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26.5 Executing a File

This section describes the exec family of functions, for executing a file as a process image. You can use these functions to make a child process execute a new program after it has been forked.

To see the effects of exec from the point of view of the called program, See Program Basics.

The functions in this family differ in how you specify the arguments, but otherwise they all do the same thing. They are declared in the header file unistd.h.

— Function: int execv (const char *filename, char *const argv[])

The execv function executes the file named by filename as a new process image.

The argv argument is an array of null-terminated strings that is used to provide a value for the argv argument to the main function of the program to be executed. The last element of this array must be a null pointer. By convention, the first element of this array is the file name of the program sans directory names. See Program Arguments, for full details on how programs can access these arguments.

The environment for the new process image is taken from the environ variable of the current process image; see Environment Variables, for information about environments.

— Function: int execl (const char *filename, const char *arg0, ...)

This is similar to execv, but the argv strings are specified individually instead of as an array. A null pointer must be passed as the last such argument.

— Function: int execve (const char *filename, char *const argv[], char *const env[])

This is similar to execv, but permits you to specify the environment for the new program explicitly as the env argument. This should be an array of strings in the same format as for the environ variable; see Environment Access.

— Function: int execle (const char *filename, const char *arg0, char *const env[], ...)

This is similar to execl, but permits you to specify the environment for the new program explicitly. The environment argument is passed following the null pointer that marks the last argv argument, and should be an array of strings in the same format as for the environ variable.

— Function: int execvp (const char *filename, char *const argv[])

The execvp function is similar to execv, except that it searches the directories listed in the PATH environment variable (see Standard Environment) to find the full file name of a file from filename if filename does not contain a slash.

This function is useful for executing system utility programs, because it looks for them in the places that the user has chosen. Shells use it to run the commands that users type.

— Function: int execlp (const char *filename, const char *arg0, ...)

This function is like execl, except that it performs the same file name searching as the execvp function.

The size of the argument list and environment list taken together must not be greater than ARG_MAX bytes. See General Limits. In the GNU system, the size (which compares against ARG_MAX) includes, for each string, the number of characters in the string, plus the size of a char *, plus one, rounded up to a multiple of the size of a char *. Other systems may have somewhat different rules for counting.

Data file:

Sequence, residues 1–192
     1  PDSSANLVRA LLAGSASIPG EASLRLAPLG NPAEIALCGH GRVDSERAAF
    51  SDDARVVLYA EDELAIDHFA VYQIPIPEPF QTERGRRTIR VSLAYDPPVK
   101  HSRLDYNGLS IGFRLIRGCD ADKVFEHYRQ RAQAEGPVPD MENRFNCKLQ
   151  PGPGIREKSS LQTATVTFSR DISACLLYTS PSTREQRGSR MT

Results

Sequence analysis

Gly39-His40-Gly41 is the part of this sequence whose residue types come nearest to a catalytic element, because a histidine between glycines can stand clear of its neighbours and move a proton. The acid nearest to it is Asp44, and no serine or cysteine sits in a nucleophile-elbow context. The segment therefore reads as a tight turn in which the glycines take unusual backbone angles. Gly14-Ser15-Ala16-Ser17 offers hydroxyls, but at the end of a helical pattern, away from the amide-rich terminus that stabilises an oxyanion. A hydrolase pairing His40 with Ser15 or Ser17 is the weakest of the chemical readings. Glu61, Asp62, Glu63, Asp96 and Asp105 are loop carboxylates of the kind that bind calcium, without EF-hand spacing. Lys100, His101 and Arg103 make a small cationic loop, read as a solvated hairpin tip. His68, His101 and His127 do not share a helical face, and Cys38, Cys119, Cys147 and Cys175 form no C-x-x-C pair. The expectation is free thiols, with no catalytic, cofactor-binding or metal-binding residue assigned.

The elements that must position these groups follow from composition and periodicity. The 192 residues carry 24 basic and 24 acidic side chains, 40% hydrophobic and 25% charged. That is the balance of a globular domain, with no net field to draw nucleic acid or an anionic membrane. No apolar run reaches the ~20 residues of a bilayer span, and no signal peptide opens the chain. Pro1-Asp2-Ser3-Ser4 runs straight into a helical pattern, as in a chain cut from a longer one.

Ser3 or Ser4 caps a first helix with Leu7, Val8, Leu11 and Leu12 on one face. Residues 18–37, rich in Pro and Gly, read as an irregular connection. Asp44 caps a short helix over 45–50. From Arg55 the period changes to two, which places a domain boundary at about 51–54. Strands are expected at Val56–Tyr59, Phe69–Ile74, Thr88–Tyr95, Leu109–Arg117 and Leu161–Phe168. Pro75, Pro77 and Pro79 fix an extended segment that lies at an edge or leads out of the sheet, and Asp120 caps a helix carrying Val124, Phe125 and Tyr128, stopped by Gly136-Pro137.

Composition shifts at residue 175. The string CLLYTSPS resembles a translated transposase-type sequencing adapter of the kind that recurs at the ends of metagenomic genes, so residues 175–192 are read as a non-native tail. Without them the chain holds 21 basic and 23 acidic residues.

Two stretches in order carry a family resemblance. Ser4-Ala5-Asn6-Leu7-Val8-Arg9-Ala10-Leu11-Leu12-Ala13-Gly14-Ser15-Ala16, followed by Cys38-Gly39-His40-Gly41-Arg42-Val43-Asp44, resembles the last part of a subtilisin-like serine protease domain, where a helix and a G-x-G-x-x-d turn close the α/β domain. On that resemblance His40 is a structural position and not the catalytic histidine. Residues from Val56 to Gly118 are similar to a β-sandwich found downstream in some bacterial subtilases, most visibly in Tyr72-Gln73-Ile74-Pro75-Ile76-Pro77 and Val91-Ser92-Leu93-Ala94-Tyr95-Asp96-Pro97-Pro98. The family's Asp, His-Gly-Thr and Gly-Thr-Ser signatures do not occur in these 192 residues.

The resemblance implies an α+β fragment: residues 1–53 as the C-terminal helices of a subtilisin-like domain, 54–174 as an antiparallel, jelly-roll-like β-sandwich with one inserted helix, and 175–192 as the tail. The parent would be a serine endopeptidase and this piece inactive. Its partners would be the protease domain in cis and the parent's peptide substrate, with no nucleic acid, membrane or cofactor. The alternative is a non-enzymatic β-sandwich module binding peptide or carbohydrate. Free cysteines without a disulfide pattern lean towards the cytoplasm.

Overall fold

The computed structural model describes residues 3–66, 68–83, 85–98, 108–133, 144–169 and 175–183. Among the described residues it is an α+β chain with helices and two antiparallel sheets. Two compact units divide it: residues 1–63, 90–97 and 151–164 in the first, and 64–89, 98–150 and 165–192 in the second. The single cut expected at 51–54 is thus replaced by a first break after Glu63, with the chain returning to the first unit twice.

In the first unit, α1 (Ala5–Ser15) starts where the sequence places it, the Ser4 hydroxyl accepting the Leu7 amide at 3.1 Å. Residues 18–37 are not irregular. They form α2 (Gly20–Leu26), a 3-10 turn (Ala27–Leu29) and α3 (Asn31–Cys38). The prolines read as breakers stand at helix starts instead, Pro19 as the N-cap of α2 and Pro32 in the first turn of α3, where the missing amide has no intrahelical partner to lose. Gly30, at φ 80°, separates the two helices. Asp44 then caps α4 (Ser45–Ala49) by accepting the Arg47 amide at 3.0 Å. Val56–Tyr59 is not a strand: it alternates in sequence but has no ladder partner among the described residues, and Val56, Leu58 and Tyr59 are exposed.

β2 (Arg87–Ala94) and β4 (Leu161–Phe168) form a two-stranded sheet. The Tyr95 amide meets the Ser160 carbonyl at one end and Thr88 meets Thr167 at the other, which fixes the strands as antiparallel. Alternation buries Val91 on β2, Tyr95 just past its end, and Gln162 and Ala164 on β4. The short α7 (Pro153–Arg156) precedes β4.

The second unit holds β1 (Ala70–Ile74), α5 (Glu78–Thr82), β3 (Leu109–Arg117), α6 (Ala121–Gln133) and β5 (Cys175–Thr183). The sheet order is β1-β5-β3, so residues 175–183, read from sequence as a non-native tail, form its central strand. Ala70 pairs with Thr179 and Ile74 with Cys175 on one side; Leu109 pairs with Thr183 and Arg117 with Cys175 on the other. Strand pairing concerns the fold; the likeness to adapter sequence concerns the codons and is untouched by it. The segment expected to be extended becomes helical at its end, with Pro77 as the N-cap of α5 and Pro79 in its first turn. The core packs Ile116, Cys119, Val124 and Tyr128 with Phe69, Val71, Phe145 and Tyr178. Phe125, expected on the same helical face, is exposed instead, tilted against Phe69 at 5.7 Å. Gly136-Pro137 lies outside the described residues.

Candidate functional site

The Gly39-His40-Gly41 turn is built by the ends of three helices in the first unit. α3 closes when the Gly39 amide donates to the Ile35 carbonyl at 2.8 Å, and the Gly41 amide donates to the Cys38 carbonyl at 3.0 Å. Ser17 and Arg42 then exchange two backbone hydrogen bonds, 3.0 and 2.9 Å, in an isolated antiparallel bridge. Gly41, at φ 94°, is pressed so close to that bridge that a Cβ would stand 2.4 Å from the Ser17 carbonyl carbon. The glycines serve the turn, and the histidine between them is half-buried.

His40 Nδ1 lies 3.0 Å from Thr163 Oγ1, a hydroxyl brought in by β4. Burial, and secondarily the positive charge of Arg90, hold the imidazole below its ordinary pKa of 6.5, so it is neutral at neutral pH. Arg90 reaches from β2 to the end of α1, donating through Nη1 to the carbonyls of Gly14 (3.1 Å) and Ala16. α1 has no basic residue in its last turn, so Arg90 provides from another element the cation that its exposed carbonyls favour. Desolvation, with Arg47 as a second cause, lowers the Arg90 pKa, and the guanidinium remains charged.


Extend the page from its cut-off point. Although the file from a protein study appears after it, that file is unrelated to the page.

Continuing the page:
These functions normally don't return, since execution of a new program causes the currently executing program to go away completely. A value of -1 is returned in the event of a failure. In addition to the usual file name errors (see File Name Errors), the following errno error conditions are defined for these functions:

The combined size of the new program's argument list and environment list is larger than ARG_MAX bytes. The GNU system has no specific limit on the argument list size, so this error code cannot result, but you may get ENOMEM instead if the arguments are too big for available memory.
The specified file can't be executed because it isn't in the right format.
Executing the specified file requires more storage than is available.

If execution of the new file succeeds, it updates the access time field of the file as if the file had been read. See File Times, for more details about access times of files.

The point at which the file is closed again is not specified, but is at some point before the process exits or before another process image is executed.

Executing a new process image completely changes the contents of memory, copying only the argument and environment strings to new locations. But many other attributes of the process are unchanged:

If the set-user-ID and set-group-ID mode bits of the process image file are set, this affects the effective user ID and effective group ID (respectively) of the process. These concepts are discussed in detail in Process Persona.

Signals that are set to be ignored in the existing process image are also set to be ignored in the new process image. All other signals are set to the default action in the new process image. For more information about signals, see Signal Handling.

File descriptors open in the existing process image remain open in the new process image, unless they have the FD_CLOEXEC (close-on-exec) flag set. The files that remain open inherit all attributes of the open file description from the existing process image, including file locks. File descriptors are discussed in Low-Level I/O.

Streams, by contrast, cannot survive through exec functions, because they are located in the memory of the process itself. The new process image has no streams except those it creates afresh. Each of the streams in the pre-exec process image has a descriptor inside it, and these descriptors do survive through exec (provided that they do not have FD_CLOEXEC set). The new process image can reconnect these to new streams using fdopen (see Descriptors and Streams).